Primarily for general aviation discussion, but other aviation topics are also welcome.
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By johnm
#1653098
So on the 21st March my EASA licence and EASA. Aeroplane magically revert to U.K. CAA which hopefully will be recognised at ICAO and so we can carry on as we are.
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By G-BLEW
#1653099
johnm wrote:So on the 21st March my EASA licence and EASA. Aeroplane magically revert to U.K. CAA which hopefully will be recognised at ICAO and so we can carry on as we are.


29th isn't it?

Ian
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By Lockhaven
#1653108
G-BLEW wrote:
SteveC wrote:You really need to stop posting on this as you clearly do not understand the position.


…but that's how conversations and learning takes place.

Ian


Nah he clearly already knows everything there is to know.
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By PaulB
#1653124
Bathman wrote:I find it very disappointing that EASA will not recognise an (UK issued) EASA licence after Brexit and presumably not even allow a SOLI after that date.

Almost seems vindictive.


My guess is that on Brexit day, a UK EASA licence will be the same as an EASA one, but after that we could make changes on our side (because we’ve taken back control) that they don’t agree with so a UK issue licence will be the same in their eyes as any other foreign state’s.

As an aside, in this thread about AFPEX* FPL addressing, @Chevvron mentions Eurocontrol. Is that a completely separate body from EASA or will that also be affected by Brexit.

* I didn’t think anyone actually used AFPEX any more!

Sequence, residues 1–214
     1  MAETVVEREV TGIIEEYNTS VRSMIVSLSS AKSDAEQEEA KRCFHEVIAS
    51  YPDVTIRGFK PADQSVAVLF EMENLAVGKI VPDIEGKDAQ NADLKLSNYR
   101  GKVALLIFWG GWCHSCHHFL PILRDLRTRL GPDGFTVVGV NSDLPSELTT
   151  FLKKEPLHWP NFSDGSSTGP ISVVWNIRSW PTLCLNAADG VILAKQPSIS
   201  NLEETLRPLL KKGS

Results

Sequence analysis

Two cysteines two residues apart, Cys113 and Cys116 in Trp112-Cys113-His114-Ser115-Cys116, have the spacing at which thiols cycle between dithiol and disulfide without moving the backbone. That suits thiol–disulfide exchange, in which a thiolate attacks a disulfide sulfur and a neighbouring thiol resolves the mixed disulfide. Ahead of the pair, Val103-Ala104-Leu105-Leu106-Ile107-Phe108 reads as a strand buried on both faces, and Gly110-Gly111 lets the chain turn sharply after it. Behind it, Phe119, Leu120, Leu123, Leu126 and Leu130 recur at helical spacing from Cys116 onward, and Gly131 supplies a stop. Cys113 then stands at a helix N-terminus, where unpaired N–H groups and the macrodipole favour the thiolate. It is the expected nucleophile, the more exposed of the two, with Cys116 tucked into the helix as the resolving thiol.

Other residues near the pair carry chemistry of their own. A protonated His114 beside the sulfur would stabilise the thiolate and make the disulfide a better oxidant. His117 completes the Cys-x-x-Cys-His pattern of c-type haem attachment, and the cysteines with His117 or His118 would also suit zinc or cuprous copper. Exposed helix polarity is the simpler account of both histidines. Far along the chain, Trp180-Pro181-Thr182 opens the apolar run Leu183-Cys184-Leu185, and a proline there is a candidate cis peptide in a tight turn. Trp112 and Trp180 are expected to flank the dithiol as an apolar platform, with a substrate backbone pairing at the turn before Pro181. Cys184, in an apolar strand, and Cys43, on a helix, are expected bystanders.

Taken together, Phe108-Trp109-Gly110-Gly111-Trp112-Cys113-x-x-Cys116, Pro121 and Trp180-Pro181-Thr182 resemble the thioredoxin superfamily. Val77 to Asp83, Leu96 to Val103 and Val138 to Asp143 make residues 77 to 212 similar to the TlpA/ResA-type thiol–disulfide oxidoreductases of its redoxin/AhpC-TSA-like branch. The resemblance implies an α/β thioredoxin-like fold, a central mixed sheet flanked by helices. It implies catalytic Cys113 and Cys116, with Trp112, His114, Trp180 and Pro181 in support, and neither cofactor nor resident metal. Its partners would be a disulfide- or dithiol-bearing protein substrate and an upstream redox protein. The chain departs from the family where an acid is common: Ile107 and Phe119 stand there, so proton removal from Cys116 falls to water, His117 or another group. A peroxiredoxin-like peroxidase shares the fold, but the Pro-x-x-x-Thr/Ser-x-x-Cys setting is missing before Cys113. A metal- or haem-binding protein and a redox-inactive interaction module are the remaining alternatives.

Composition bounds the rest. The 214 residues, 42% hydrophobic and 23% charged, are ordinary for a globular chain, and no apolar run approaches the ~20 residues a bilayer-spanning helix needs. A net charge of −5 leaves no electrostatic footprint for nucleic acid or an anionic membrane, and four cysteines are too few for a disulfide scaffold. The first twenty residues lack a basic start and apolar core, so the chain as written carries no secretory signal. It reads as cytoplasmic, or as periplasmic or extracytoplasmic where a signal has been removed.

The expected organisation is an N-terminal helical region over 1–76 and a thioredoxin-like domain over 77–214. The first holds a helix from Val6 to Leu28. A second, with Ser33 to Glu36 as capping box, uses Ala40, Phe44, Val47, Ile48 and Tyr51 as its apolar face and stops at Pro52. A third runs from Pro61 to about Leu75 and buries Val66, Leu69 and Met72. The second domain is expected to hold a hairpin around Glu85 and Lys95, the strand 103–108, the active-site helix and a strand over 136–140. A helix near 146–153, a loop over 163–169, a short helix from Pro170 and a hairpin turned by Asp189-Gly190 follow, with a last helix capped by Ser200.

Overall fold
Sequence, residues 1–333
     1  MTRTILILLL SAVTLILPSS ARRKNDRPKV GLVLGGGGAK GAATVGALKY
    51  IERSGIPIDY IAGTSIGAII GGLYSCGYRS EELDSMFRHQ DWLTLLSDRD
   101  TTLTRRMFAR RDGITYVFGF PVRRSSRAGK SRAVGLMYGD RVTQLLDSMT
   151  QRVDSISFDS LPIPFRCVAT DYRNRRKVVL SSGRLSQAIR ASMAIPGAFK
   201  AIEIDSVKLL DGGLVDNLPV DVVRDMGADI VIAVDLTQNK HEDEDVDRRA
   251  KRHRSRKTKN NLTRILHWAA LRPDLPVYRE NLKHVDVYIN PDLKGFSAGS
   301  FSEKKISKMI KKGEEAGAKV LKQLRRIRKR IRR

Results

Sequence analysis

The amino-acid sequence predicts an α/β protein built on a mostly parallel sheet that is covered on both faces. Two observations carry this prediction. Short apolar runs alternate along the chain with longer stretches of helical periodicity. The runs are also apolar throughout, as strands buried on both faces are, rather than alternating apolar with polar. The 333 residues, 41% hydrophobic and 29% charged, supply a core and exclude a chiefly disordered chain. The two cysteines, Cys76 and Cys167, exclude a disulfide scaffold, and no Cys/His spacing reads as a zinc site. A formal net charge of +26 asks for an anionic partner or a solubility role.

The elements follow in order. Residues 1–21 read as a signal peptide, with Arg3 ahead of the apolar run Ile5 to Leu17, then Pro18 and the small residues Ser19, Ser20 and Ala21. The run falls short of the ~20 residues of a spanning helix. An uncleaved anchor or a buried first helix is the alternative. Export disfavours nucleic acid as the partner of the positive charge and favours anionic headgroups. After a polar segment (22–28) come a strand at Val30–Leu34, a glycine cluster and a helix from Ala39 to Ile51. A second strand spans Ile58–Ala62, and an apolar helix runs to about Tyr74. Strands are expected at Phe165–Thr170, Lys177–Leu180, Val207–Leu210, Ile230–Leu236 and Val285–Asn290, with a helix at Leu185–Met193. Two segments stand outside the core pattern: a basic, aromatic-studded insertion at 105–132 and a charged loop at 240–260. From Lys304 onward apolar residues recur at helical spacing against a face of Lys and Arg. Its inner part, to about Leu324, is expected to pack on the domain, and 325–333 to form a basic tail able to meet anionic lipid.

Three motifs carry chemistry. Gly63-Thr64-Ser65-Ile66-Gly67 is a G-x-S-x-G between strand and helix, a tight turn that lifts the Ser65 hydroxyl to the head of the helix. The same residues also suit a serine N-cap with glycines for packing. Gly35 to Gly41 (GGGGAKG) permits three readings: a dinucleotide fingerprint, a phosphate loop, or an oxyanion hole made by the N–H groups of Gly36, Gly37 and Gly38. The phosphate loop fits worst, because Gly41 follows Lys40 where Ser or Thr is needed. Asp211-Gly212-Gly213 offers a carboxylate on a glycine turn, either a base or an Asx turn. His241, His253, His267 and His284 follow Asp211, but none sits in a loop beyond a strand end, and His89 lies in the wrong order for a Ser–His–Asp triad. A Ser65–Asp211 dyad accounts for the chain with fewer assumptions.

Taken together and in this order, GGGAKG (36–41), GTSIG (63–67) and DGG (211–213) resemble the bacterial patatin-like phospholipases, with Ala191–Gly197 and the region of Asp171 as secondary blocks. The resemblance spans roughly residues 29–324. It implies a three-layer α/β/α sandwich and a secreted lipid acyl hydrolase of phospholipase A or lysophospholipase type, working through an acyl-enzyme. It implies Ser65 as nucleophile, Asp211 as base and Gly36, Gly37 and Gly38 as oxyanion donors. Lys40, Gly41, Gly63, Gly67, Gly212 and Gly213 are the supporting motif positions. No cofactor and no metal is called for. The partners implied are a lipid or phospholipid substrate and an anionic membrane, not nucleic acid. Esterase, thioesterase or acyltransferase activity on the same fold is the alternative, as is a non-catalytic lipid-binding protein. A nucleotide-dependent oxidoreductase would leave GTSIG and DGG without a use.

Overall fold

By johnm
#1653125
Bathman wrote:I find it very disappointing that EASA will not recognise an (UK issued) EASA licence after Brexit and presumably not even allow a SOLI after that date.

Almost seems vindictive.



You have to understand that the UK, if no longer a member of EASA, can't issue or revalidate an EASA licence, the logic is inescapable. The only way forward is to move the licence to a state that IS a member of EASA and then it's like being a Brit with an FAA licence. There will be ATOs and DTOs with EASA certification, but that certification came from the UK CAA and may become invalid unless they too get sign off from a sympathetic EASA NAA. On the plus side EASA have already opened the door for maintenance shops to continue their certification as third country EASA certified operations.
By AlanC
#1653128
johnm wrote:You have to understand that the UK, if no longer a member of EASA, can't issue or revalidate an EASA licence, the logic is inescapable. The only way forward is to move the licence to a state that IS a member of EASA and then it's like being a Brit with an FAA licence. There will be ATOs and DTOs with EASA certification, but that certification came from the UK CAA and may become invalid unless they too get sign off from a sympathetic EASA NAA. On the plus side EASA have already opened the door for maintenance shops to continue their certification as third country EASA certified operations.


A broadly correct summary of the significant issues potentially facing us next year. The fundamental point is that there is no such thing as an EASA licence, in the same way as there was no such thing as a JAA licence, and there is no such thing as an ICAO licence. There are UK issued licences which are EASA compliant - the worry is that this compliance will cease automatically at 2300 on March 29th, although the ICAO compliance will remain. Well, apart from the LAPL...